Hoverboards are set to be a popular toy this holiday season, but if you type "hoverboard" into Google, the first thing autosuggest fills in is "hoverboard fire."So how can you hoverboard while still being safe?
Here are some quick tips:
- If you haven't already got a hoverboard then read my piece on buying a hoverboard that won't catch fire.
- If you suspect you've purchased a cheap, poor quality hoverboard, the safest thing you can do is return it for a refund.
- Only use the original battery charger.
- If at all possible recharge your hoverboard outdoors. At the very least recharge it away from flammable objects, don't charge it while you're sleeping.
- Never leave a charging hoverboard unattended.
- Ideally, store and charge hoverboards on a non-flammable surface.
- Ideally, keep a fire extinguisher close to hand (for lithium polymer battery fires you need a Class D extinguisher).
- Do not modify a hoverboard to give out more power.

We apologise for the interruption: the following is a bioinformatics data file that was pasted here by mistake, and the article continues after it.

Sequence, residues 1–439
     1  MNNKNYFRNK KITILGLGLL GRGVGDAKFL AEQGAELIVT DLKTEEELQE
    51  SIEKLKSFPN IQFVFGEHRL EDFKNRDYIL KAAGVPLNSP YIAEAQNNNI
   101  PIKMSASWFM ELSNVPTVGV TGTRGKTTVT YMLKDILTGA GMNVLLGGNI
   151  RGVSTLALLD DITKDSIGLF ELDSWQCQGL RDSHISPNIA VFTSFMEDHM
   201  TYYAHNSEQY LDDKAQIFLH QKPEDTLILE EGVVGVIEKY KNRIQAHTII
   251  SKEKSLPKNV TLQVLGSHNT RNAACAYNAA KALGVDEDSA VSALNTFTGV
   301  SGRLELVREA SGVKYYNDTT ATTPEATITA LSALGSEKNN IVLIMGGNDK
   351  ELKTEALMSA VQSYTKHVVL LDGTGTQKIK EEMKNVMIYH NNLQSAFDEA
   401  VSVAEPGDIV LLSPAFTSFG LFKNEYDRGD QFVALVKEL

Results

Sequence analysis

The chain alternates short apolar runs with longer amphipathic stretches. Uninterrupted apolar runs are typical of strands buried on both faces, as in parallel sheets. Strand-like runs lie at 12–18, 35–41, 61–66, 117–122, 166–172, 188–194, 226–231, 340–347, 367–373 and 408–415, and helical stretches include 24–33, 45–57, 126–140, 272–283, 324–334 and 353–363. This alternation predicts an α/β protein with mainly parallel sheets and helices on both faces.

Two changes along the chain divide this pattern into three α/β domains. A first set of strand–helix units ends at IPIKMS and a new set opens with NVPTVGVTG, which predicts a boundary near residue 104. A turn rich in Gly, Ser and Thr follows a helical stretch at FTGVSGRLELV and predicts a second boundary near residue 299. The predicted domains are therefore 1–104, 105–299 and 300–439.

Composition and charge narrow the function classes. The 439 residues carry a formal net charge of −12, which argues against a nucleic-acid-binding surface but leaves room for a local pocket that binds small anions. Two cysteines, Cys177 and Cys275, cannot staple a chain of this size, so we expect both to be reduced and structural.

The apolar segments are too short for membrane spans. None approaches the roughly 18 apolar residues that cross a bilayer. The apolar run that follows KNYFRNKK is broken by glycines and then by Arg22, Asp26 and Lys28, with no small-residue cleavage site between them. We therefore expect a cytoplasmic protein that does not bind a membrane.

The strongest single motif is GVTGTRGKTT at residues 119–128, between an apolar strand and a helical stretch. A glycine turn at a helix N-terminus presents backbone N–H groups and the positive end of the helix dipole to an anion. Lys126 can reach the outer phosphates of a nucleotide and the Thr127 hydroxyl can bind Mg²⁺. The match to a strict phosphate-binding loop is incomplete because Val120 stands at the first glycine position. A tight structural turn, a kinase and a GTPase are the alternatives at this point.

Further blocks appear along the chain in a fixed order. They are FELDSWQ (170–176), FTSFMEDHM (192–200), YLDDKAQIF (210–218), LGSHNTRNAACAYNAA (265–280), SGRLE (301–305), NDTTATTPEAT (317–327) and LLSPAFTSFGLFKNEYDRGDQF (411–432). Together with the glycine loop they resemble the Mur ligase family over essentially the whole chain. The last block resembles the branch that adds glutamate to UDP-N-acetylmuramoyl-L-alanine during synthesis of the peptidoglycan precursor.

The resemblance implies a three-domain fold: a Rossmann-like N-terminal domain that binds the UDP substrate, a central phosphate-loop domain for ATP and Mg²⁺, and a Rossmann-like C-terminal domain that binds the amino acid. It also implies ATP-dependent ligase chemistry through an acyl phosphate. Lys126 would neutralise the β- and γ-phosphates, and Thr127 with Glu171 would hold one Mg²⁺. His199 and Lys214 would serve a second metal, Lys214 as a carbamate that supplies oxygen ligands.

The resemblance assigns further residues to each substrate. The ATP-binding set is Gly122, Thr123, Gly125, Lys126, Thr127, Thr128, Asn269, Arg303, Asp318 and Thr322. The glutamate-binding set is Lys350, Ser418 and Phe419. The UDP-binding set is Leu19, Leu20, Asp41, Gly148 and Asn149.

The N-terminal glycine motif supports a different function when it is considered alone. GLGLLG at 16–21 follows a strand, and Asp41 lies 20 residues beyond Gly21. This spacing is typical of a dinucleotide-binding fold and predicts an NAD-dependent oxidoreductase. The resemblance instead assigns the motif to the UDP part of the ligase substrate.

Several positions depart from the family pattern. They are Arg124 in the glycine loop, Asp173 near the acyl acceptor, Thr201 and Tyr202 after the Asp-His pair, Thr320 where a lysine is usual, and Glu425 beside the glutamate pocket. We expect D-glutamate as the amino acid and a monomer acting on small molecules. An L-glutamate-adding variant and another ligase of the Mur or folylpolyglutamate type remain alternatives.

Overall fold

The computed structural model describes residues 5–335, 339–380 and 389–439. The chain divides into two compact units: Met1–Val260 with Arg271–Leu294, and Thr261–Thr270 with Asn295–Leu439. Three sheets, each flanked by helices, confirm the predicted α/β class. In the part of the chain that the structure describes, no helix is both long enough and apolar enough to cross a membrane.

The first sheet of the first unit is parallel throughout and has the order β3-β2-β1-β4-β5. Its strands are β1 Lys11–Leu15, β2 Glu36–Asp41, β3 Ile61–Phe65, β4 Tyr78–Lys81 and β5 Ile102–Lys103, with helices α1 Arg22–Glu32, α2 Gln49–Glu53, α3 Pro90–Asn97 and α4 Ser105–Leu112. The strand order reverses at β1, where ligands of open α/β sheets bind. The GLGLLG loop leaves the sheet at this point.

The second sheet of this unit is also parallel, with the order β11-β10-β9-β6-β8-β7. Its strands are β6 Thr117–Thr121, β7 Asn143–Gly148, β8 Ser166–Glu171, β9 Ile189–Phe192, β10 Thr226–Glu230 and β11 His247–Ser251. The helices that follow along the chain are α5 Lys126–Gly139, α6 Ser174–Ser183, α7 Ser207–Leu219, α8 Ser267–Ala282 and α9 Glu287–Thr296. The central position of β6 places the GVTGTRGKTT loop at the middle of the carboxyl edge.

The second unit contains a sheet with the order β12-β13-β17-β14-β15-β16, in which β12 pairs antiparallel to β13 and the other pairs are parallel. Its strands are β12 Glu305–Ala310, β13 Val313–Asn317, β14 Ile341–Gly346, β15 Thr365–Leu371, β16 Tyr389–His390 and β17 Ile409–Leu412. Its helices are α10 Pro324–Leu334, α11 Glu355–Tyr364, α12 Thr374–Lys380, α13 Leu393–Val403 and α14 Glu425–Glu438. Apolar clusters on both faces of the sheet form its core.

- Don't use a damaged hoverboard as damaged lithium-polymer batteries are particularly prone to fires.
- If you see smoke or smell burning, stop using your hoverboard.
- If you are unfortunate enough to be around a burning hoverboard, don't be stupid or try to be a hero. The safest thing to do is evacuate the area and call the fire department.
, and how dangerous they can be. The video below shows how rapidly a small lithium-polymer cell from a RC plane can go from being OK to being in flames.
Think this hoverboard safety issue is overblown? Think again. Several fires have already been attributed to these devices, and many major retailers have stopped selling hoverboards. Online retailer Amazon went as far as to tell some of its UK customers to dispose of their product at a center registered to recycle electrical items "as soon as possible."